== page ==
ABSTRACT

This paper describes a new high-order composite numerical model designed for the efficient arbitrary-scale simulation of moored floating offshore bodies. The study focuses on static equilibrium and free decay of such structures, particularly a floating offshore wind turbine. The composite scheme models the linear or weakly-nonlinear motion in the time domain by solving the Cummins equations derived from Newton's 2nd law of motion. The mooring forces are acquired from a discontinuous Galerkin spectral element solver. The linear pseudo-impulsive radiation problems are modeled via a three-dimensional spectral element-based solver on an unstructured hybrid-configured mesh, ultimately providing accurate frequency-dependent added mass and damping coefficients. In this work, a numerical simulation of a moored model-scale floating offshore wind turbine is performed and compared with experimental measurements. The numerical experiments agree with the measurements and demonstrate that the model can be used for full-scale computations relevant to offshore engineering applications.

INTRODUCTION

Over the past decades, the importance and need for sustainable, renewable, and reliable energy resources has increased rapidly to cope with the climate crisis, and also – as seen recently – in response to political interest. Year by year, more ambitious targets are set to reduce net greenhouse gas emissions, where the current goal of the European Union is to cut the emissions by at least 55% (compared with 1990 levels) by 2030 and be completely neutral by 2050, European Commission (2022). The energy sector is indisputably the major contributor to this carbonation of the atmosphere and hereby, a key component towards a green energy transition.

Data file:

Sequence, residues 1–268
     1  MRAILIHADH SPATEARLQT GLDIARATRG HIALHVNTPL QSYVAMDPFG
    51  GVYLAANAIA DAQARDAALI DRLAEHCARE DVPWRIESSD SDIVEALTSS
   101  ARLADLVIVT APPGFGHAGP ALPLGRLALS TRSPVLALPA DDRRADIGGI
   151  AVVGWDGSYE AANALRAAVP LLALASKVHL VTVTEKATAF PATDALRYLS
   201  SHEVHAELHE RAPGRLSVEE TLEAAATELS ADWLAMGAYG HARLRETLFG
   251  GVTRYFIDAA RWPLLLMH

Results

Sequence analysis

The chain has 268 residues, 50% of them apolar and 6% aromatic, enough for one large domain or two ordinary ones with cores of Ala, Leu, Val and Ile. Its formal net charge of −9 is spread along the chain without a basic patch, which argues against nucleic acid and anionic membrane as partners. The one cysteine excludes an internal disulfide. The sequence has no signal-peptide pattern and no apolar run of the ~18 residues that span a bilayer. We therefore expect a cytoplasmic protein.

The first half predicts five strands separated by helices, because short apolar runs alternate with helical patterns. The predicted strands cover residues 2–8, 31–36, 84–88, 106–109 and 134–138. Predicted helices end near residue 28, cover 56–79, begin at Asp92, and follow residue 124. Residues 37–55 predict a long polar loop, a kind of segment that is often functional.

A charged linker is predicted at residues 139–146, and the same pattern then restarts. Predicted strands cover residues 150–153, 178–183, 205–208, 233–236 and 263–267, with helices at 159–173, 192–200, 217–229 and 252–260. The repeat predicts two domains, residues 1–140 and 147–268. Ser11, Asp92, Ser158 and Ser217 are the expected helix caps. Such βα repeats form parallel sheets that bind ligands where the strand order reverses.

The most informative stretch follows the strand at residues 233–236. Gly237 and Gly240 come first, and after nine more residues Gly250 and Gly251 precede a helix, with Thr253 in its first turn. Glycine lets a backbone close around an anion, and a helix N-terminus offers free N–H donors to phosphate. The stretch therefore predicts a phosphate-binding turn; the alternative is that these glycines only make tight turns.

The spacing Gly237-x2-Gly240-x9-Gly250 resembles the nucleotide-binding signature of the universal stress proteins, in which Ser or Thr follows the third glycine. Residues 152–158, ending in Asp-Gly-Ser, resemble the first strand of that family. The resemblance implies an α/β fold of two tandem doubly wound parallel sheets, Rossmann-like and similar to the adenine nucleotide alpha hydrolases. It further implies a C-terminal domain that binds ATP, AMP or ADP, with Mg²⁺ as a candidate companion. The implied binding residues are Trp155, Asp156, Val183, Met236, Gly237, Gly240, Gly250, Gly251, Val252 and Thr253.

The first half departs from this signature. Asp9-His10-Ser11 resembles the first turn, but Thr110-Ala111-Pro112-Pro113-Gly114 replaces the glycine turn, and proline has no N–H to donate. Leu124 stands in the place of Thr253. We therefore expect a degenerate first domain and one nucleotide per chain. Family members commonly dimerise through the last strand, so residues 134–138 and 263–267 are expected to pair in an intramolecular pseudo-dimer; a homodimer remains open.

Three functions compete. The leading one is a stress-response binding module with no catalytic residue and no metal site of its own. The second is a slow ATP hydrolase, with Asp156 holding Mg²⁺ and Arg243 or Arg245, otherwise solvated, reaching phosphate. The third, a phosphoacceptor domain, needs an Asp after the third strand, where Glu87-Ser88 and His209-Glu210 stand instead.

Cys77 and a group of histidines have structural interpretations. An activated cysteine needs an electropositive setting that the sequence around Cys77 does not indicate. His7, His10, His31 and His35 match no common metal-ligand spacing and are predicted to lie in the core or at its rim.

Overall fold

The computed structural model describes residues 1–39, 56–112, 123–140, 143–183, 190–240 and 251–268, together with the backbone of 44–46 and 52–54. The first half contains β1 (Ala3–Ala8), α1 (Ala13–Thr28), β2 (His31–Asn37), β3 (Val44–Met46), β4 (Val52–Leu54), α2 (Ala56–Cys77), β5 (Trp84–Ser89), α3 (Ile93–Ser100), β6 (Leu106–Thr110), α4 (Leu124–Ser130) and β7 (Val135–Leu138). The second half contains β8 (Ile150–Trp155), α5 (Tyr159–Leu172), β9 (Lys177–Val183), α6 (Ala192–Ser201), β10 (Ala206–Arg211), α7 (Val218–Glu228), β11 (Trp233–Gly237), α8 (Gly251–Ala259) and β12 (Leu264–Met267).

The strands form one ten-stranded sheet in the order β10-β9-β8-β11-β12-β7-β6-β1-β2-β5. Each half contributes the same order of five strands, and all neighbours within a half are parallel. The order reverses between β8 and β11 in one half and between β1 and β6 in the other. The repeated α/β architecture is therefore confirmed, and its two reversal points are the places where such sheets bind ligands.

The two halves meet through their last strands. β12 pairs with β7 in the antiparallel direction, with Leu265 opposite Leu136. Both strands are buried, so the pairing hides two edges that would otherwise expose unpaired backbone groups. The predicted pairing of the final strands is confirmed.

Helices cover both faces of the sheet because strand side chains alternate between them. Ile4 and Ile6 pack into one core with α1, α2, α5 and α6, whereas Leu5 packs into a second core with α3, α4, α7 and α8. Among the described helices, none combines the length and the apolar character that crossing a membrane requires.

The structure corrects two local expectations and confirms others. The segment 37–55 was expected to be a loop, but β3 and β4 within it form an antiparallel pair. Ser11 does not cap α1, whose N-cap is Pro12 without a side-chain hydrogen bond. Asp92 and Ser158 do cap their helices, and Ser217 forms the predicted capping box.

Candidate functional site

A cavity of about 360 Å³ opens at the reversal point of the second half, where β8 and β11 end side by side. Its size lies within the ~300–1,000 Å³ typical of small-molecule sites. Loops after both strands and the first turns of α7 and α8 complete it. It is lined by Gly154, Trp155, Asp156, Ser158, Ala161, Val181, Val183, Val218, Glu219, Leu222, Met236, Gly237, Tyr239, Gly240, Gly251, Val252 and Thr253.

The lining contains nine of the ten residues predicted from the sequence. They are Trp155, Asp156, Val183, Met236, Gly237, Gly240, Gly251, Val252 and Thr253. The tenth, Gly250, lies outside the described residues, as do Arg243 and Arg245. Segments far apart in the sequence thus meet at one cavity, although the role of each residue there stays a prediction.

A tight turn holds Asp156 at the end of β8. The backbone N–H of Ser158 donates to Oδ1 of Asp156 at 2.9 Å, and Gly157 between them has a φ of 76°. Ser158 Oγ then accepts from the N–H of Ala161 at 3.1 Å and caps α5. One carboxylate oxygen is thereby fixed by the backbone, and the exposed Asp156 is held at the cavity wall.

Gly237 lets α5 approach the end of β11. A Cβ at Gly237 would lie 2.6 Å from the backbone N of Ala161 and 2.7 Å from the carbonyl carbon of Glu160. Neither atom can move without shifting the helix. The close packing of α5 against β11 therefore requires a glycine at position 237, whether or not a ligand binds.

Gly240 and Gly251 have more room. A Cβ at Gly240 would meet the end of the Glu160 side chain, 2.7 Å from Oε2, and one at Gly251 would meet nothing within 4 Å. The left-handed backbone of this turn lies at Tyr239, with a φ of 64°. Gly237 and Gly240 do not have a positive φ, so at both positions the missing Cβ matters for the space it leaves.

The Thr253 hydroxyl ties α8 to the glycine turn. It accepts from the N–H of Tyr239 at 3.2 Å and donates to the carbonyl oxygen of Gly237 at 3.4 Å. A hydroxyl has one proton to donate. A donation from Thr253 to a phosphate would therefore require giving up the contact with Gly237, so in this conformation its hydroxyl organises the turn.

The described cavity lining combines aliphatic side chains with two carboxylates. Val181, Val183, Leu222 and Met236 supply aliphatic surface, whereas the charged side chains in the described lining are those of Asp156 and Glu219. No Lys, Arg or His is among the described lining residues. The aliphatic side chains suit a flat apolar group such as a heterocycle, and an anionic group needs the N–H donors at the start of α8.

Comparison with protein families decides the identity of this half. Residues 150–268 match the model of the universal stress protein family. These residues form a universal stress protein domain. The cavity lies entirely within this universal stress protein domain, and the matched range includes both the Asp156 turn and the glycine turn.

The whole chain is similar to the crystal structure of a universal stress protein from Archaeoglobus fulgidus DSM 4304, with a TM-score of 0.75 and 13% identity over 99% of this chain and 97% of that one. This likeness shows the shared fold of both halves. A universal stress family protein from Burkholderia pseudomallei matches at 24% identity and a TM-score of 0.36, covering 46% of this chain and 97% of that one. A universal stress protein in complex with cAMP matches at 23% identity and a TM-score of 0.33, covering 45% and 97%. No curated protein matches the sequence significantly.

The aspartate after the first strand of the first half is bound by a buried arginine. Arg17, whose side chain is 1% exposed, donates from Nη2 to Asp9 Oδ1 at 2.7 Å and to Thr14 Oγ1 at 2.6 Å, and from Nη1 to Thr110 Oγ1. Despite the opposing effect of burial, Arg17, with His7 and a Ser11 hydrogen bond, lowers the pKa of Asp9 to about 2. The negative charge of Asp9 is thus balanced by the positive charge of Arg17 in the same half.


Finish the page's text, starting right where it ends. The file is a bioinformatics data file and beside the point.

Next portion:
In the quest to keep up with this desire, the offshore industry can be seen to play a principal role by having e.g., wind turbines, wave energy converters, dams, and so on, produce green non-fossil energy for society. Regarding wind turbines, a bottom-fixed installation technique is the most well-known approach, yielding requirements on the water depth, soil mechanics, scour protection, and much more. Another promising installation approach is to mount the wind turbines on floating offshore structures, which will allow for the establishment of floating offshore wind turbine (FOWT) farms in much greater depths and expand the energy potential of offshore wind.

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